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Thibaut Fourriere Finds Home in Petersburg

Published: January 22, 2014 (Issue # 1794)



  • Thibaut Fourriere is a career diplomat whose love of Russia started in childhood.
    Photo: for SPT

Thibaut Fourriere, Consul General of France in St. Petersburg, was appointed to his new post in August 2013. Russia, however, is far from unexplored territory for the 43-year-old. Fourriere has been working in the CIS for almost 20 years. He has also lived and worked in Moscow, has a Russian wife and speaks perfect Russian.

Fourriere sat down with The St. Petersburg Times in his office at the French Consulate over a cup of coffee that he prepared himself. He confessed that although the Russian language has changed his life, his interest in Russia came about by chance. He does not have any romantic stories in his background related to Russian relatives who were forced to flee to France after the Revolution of 1917. Fourriere acknowledged St. Petersburg as an attractive city for both business and daily life, talked about the difficulties facing the diplomat and acknowledged his happiness at being appointed to a post in the city. This interview was conducted in Russian.

Jennes de Mol: Russian Rock and Diplomacy

Q: You speak Russian very well. How did your interest in the language arise?

A: I think this interest developed by chance and, in part, thanks to my parents. I started to learn Russian as my third language when I was at school. At that time I could not even imagine how it would change my life. My parents never insisted that I should take an occupation they approved of. They gave me an opportunity to study and gave me a lot of support. When I started studying at the National Institute of Oriental Languages and Civilizations in Paris, my father, who was an officer with the French army, told me about a recruitment competition at the Ministry of Foreign Affairs. He advised me to apply since I spoke Russian. I was 17 then and didn’t know what I wanted to do in the future, I just knew that I would most likely work for my country. My father and grandfathers had all been in the military, so it was natural for me to think about becoming a civil servant. My father gave me some advice and I decided it would be an interesting job. After graduating from INALCO, I went on to receive a diploma from the Institute of Political Sciences in Paris and then joined the Ministry of Foreign Affairs. I was 25 at the time and my career in this field continues to this day.

Q: Why did you choose to study Russian as a young man? Was it unusual at the time?

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ALL ABOUT TOWN

Tuesday, Jan. 27


Observe the 71st anniversary of the end of the Siege of Leningrad on Palace Square with a free concert at 7 p.m. Listen to WWII-era songs and the poetry of Olga Bergholz while you peruse outdoor exhibitions dedicated to life during wartime. The event is capped off by a fireworks display at 9 p.m.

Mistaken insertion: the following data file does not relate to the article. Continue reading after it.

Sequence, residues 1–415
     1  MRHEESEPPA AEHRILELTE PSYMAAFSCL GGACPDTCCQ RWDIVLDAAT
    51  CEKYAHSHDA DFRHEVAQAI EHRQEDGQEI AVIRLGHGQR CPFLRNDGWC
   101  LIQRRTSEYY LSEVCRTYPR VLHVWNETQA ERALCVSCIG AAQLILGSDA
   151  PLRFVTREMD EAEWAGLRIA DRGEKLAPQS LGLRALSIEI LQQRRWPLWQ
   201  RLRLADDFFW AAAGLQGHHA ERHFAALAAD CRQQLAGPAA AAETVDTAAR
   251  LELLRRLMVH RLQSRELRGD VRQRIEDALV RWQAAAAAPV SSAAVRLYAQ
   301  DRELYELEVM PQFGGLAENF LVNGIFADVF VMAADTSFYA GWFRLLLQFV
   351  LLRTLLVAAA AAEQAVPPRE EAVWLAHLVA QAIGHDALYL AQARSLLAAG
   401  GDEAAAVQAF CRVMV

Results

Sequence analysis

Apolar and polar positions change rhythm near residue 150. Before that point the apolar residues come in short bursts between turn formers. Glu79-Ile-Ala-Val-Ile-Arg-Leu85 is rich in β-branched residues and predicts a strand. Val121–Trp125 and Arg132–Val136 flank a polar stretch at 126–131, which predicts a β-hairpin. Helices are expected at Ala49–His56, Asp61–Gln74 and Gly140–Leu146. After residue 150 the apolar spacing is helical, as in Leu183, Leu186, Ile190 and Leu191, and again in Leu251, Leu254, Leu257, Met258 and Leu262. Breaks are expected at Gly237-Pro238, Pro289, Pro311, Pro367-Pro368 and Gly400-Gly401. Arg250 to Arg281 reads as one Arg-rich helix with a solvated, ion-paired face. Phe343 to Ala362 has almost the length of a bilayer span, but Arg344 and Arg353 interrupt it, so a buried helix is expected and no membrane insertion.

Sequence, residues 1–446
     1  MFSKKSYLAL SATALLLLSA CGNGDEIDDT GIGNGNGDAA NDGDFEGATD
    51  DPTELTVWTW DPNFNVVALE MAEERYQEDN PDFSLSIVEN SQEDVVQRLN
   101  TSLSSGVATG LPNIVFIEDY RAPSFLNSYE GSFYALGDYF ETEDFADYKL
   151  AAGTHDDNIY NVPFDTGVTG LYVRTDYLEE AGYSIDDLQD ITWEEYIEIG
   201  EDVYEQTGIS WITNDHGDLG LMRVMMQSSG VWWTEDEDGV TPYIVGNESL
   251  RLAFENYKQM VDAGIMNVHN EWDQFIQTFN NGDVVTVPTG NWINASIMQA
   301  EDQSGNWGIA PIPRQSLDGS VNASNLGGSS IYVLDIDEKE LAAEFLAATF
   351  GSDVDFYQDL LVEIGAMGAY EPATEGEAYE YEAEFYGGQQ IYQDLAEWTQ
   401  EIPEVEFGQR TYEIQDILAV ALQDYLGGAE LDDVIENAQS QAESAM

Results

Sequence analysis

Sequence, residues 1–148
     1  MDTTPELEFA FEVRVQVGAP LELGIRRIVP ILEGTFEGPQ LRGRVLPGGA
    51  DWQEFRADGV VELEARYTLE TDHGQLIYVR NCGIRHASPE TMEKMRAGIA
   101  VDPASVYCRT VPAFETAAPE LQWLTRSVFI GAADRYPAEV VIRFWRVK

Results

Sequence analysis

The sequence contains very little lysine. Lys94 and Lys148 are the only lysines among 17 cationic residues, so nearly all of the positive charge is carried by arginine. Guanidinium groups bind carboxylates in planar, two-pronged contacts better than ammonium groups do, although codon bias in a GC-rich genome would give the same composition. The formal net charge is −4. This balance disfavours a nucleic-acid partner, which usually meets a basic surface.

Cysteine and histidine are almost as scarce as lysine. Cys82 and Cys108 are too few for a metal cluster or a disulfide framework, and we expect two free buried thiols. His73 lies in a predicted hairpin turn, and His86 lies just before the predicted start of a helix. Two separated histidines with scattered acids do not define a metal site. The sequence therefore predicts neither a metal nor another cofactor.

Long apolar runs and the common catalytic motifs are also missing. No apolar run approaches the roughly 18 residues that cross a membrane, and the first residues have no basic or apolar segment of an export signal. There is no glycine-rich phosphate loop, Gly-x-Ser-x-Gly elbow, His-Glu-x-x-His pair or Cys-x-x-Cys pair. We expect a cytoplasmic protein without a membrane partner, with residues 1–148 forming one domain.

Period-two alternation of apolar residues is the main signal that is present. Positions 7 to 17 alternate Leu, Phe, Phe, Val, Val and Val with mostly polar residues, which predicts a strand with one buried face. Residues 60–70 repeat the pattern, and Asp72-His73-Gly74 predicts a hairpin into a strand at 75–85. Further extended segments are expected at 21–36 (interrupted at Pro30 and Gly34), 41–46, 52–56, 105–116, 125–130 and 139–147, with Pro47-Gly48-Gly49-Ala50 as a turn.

Stop by the Lexica School of Foreign Languages at 73 Ligovsky Prospekt from now until Friday for a free English lesson. The classes start at 7 p.m. and cover all levels, from Beginner to Advanced. Registration by telephone on 7641692 and a desire to improve your skills are the only prerequisites.



Wednesday, Jan. 28



Feel like becoming a publishing mogul? Stop by the Freedom anti-cafe at 7 Ulitsa Kazanskaya today at 8 p.m. where Simferopol, Crimea-based founder and chief editor of the Holst online magazine will talk about creating an internet magaine, including what stories to cover, how find an audience and build a team, where to find inspiration and how to stand out from the crowd. Admission is the normal price of the anti-café — 2 rubles per minute, which includes tea and snacks.



Learn everything you always wanted to know about wine, and perhaps a bit more, at the Le Nez du Vin seminar for wine lovers. Held at the WineJet Sommelier School, 100 Bolshoy Prospekt Petrograd Side, at 7:30 p.m., the event will cover wine production, the basics of wine tasting, the concept of terroir and the various countries where wine is produced. Tickets are 750 rubles and include a wine tasting. Register by calling +7 921 744 6264.



Thursday, Jan. 29



Attend a master class on how to deal with complicated business negotiations today at the International Banking Institute, 6 Malaya Sadovaya Ulitsa. Running from 3 to 6 p.m., Vadim Sokolov, an assistant professor at the St. Petersburg State University of Economics, will introduce aspects of managing the negotiation process and increasing its effectiveness. Attendance is free with pre-registration by telephone on 909 3056 or online at www.ibispb.ru



Celebrate what would be writer Anton Chekov's 155th birthday at the Bokvoed bookshop at 46 Nevsky Prospekt. Starting at 5 p.m., the legendary author will be feted with readings of his stories and short performances based on his plays by various St. Petersburg actors. Chekov's book will also be offered at a 15% discount during the event.





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